Research Services, IT Infrastructure Division, are pleased to report that a project that allows researchers to transfer terabytes of data between the University of Edinburgh and external collaborators has been completed. The service uses a transport mechanism known as Globus to set up multiple connections between host and client to transfer data instead of relying on a single point-to-point connection. This results in very large data being transferred between sites in parallel, allowing faster transfer.

The service is integrated with the University’s research data platform, DataStore, allowing researchers to specify specific folders that can be used as “endpoints” to the transfer. Many users have already taken advantage of the service, but it is key to note that this will not improve data transfer speeds within the University itself, rather that bottlenecks in the wider Internet can be mitigated.

For more information, University of Edinburgh users may view the RSS Wiki.

Mike Wallis
IS ITI

New Open Research Tool: Open Science Framework

Awesome news! The Research Data Service has a fantastic new addition to its Open Research toolbox! Fresh from the Centre for Open Science (COS) comes our institutional membership to Open Science Framework (http://osf.io): a powerful tool for supporting staff and students at the University of Edinburgh.

OSF is a free, open platform that provides full integration and sharing across the entire data lifecycle. Among many other things, it streamlines workflows with customisable project organisation and automated version control. It also enhances collaborative research, making it easy to find and connect with other UoE users and their research projects. But wait, there’s more! OSF enables easy management of private and public aspects of a project, so sharing with project teams as well as the wider research community couldn’t be simpler; it’s ideal for sharing preprints and preregistered reports. Best of all, with centralised storage for documents, data, and code, it eliminates the need to scramble around hunting for that one file you need right now: no more trawling through email chains to recover lost data!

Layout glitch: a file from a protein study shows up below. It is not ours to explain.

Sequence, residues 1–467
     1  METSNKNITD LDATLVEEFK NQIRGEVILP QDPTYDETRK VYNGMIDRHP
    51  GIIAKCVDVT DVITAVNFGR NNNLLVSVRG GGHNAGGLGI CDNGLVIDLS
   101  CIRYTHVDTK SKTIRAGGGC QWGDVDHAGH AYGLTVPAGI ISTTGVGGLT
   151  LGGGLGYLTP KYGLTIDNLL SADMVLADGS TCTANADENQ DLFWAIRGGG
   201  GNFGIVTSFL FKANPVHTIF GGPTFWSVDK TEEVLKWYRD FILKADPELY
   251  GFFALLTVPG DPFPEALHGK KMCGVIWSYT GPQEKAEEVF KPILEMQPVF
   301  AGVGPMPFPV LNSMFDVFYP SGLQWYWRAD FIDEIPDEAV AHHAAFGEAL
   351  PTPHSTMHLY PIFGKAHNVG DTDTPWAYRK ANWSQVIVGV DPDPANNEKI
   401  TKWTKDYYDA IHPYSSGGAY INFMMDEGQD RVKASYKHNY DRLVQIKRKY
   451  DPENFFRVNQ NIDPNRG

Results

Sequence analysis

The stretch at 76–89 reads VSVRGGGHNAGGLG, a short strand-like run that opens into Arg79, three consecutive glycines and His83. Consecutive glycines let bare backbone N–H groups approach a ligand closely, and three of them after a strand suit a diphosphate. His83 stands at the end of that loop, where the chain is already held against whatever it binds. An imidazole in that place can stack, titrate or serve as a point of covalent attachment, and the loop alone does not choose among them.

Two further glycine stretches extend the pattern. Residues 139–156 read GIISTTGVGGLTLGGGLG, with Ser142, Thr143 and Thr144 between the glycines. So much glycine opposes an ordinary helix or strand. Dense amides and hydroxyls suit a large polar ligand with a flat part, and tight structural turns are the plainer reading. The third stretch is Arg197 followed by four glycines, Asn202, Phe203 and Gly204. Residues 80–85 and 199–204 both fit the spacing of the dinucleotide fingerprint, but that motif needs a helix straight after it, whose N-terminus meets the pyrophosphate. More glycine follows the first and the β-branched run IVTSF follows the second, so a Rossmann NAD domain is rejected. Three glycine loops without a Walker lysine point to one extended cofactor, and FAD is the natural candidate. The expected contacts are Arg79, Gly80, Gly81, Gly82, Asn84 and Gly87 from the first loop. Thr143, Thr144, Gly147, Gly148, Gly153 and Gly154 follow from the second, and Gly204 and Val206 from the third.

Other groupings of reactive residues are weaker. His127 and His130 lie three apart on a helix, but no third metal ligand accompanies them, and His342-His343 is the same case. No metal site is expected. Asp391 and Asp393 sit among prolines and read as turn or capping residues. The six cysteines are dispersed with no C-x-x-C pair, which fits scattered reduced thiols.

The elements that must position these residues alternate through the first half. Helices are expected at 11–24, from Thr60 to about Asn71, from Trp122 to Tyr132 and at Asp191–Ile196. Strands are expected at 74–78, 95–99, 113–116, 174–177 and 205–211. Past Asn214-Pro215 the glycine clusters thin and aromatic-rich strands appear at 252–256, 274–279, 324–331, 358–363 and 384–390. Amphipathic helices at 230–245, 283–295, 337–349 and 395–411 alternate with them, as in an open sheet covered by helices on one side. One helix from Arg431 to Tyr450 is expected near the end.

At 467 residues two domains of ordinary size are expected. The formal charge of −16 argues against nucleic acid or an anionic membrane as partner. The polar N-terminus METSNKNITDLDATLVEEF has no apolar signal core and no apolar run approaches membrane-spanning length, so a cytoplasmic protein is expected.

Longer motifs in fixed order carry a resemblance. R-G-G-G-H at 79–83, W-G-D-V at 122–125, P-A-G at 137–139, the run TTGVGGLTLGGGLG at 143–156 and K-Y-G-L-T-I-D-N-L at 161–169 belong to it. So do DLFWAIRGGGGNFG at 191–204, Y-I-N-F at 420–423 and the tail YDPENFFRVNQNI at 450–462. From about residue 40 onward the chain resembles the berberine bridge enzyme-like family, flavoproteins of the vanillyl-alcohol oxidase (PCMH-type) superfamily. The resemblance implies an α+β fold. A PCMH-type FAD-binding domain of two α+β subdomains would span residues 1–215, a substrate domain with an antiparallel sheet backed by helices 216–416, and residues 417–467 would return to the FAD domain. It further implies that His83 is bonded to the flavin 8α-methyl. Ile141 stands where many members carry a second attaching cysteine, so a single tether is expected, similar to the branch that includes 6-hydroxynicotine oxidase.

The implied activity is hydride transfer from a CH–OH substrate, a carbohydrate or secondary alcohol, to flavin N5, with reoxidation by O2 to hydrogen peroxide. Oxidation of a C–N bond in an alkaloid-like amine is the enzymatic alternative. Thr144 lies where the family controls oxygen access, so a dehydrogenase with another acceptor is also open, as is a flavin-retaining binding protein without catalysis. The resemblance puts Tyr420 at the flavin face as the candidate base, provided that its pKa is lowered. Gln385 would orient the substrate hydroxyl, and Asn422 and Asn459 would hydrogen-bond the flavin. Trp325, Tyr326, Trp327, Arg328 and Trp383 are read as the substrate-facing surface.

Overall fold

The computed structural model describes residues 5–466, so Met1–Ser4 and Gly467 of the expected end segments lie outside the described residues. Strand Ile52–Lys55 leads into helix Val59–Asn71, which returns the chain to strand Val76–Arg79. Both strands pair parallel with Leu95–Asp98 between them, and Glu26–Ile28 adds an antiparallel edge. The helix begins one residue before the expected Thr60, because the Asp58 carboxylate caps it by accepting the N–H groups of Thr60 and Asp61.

To launch the new platform we’ve been running Free Lunch Lunchtime sessions, with Free Lunch in the Main Library. The Centre for Research Collections were kind enough to let us use their rooms on the 6th floor, so obviously, all our attendees used the stairs and worked up a proper appetite for their Free Lunch.

The first event was held on August 30th to a packed house, or room. After the Free Lunch and a bit of professional mingling, Gretchen Gueguen from the Centre for Open Science Zoomed in to give us a brief introduction to and overview of OSF: what it is, how it works, and why it’s such an excellent addition to any research toolbox. Gretchen was followed by Emma Wilson, PhD student, UoE representative for ReproducibiliTea, and Open Research Intern extraordinaire. Emma provided the first of two user-perspectives, talking about her experience of using OSF for her projects, presentations, and posters. The second pair of boots on the ground belonged to Mark Lawson, Data Governance Manager for the Childlight project currently being run out of Moray House School of Education and Sport. Being another long time-user of OSF, as well as being a fan of such tools, Mark spoke with great enthusiasm about the use of OSF to support the data management and project management aspects of his work.

Emma Wilson presenting during the OSF introduction event in August.

The second event wasn’t quite as packed as the first, but it was still nice to see those who managed to make it through the December wind and rain. Once again, Gretchen was there to provide the introduction and overview; and Emma, likewise, returned to talk about her experience as an OSF user. This time, the afternoon was rounded off by Gillian Currie who outlined the OSF training she and Eirini Theofanidou were ready and able to deliver. Before the close of the session Gillian had secured several bookings for her training sessions. Sadly, and despite having organised the event – and the Free Lunch – RDS won’t receive any commission for these bookings.

However, we will soon be in vigorous competition with Gillian and Eirini because we’re preparing to offer OSF Winter and Summer Schools. These sessions will be delivered remotely by COS to an in-person cohort of researchers over two or three days. If all goes to plan, we may even be recording the session recordings for future use. And yes, in case you’re wondering, there will, once again, be a Free lunch for attendees.

To learn more about the University OSF membership go to: https://edin.ac/47aGU0S. Questions about OSF? Email us: data-support@ed.ac.uk.

Dr Simon Smith – Research Data Support Officer
Research Data Support, Library & University Collections